21 Oct Blessed Karl of Austria-Hungary, Emperor
Today is the feast day of Blessed Charles of Austria-Hungary. Ora pro nobis.
Karl (1887-1922), Emperor of Austria and King of Hungary, said goodbye to his wife, Empress Zita. “I’ll love you forever”, he declared, just as he had eleven years earlier when they were married. Then he called his first born son Otto, to “witness how a Catholic and an Emperor conducts himself when dying.” The Emperor received the Sacrament of the Sick and spoke his last words: “Thy Holy Will be done. Jesus, Jesus, come! Yes—yes. My Jesus, Thy will be done—Jesus.” (2)
Karl (Charles) of the House of Austria was born in Persenbeug in 1887.
As he was the great-nephew of the then ruling Emperor, Franz Joseph, it was not envisioned at his birth that it would one day fall to him to rule. Yet, his education prepared him for the task. (4)
That as Emperor he would rule wants to be emphasized. The emperors of the Holy Roman Empire and then the Austro-Hungarian one did not merely reign, like the European monarchs who remain today, all of the “constitutional” ones. By the time of Karl’s accession their power was no longer absolute as it still was with the Russian Tsar, but it was real. None was a figurehead unless rendered so by personal incapacity. (4)
Karl grew up imbued with a deep personal trust in God and equipped with all the Catholic moral principles whose political application he would combine, as Emperor, with his appreciation for the Church’s social doctrine. He came to the throne in 1916 due to a series of tragic events: the death at Mayerling (some say by suicide and others by assassination) of Franz Joseph’s only son, Archduke Rudolph; the early death of his own father, Otto, in 1906; and the assassination of his uncle Franz Ferdinand at Sarajevo in 1914. (4)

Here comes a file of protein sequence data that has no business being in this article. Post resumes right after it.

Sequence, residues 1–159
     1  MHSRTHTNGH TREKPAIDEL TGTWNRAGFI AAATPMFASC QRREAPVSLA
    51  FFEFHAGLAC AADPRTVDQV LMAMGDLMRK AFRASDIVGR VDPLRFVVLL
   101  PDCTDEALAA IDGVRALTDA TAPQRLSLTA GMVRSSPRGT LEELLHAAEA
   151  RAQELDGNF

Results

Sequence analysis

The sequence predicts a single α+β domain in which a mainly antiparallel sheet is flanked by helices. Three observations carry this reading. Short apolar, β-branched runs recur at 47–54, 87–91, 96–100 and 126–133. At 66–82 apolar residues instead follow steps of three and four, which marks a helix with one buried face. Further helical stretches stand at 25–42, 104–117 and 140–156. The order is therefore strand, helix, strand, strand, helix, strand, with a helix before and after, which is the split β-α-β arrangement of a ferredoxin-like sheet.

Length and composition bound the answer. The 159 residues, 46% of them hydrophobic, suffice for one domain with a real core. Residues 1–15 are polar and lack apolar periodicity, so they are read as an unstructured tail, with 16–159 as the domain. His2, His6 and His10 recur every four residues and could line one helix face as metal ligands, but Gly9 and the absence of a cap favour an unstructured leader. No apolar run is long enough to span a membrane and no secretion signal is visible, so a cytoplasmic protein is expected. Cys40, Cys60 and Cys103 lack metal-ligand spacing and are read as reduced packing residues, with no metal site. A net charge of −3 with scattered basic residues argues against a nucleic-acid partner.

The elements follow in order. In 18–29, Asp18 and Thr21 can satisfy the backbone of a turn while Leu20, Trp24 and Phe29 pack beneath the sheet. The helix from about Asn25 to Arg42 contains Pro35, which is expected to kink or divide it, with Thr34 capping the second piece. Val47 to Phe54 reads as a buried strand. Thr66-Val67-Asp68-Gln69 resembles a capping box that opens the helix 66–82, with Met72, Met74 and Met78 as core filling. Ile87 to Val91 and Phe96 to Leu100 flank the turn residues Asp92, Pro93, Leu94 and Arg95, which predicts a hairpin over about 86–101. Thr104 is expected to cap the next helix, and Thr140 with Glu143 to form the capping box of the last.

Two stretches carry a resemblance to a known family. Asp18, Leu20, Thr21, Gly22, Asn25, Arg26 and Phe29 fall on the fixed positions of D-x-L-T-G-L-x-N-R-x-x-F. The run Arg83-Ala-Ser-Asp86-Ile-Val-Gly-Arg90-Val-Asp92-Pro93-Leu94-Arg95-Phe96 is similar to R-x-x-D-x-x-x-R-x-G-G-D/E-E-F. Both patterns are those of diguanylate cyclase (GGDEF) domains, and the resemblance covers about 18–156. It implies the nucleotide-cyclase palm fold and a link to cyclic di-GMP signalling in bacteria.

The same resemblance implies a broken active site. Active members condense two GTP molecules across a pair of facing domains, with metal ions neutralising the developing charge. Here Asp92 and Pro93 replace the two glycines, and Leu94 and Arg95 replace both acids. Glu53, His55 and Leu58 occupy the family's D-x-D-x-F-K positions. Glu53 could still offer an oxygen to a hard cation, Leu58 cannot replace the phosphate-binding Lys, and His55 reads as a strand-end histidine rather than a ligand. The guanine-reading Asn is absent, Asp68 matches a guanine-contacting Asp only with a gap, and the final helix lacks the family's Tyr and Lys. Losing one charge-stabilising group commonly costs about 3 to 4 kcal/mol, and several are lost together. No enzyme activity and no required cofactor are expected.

On October 21, 1911, he married Zita of Bourbon-Parma. With his wife and children he led an exemplary family life — a true domestic church, shaped by his intimate love for the Blessed Sacrament and devotion to the Blessed Virgin Mary. In 1916, in the midst of the First World War he became Emperor of Austria and was crowned King of Hungary. He strove for a fair and lasting peace, and promoted equity and justice. After the revolution of the Provisional National Assembly in 1919, he was banished into exile, lived in poverty and bore his illness with a profound trust in God. He died on April 1, 1922, in Funchal on the island of Madeira, while calling upon the name of Jesus. (3)
Emperor and King Karl of the House of Austria: A Saint for Our Day
By Cristoph Cardinal Schönborn, O.P., D.D., Archbishop of Vienna
L’Osservatore Romano, October 3, 2004
English Translation by Br. Nathan Cochran, O.S.B.
Can a politician possibly live a modest and holy life? Is it conceivable and meaningful for a man who held a responsible leadership position during World War I to be named a blessed? These questions are constantly posed concerning the beatification of Karl of the House of Austria.
Every person – wherever God has placed him – is destined for and called to holiness. People in positions of responsibility and decision makers, such as politicians and business leaders, as well as bishops, are challenged by special circumstances but are by no means exempt from this call to holiness.
The upright personality of Emperor Karl of Austria has become distorted in the eyes of the public through propaganda and slander, like few others of his time. The extremely careful work of scholarly historical investigations – done in connection with the beatification process – has been able to uncover and correct these manipulated distortions.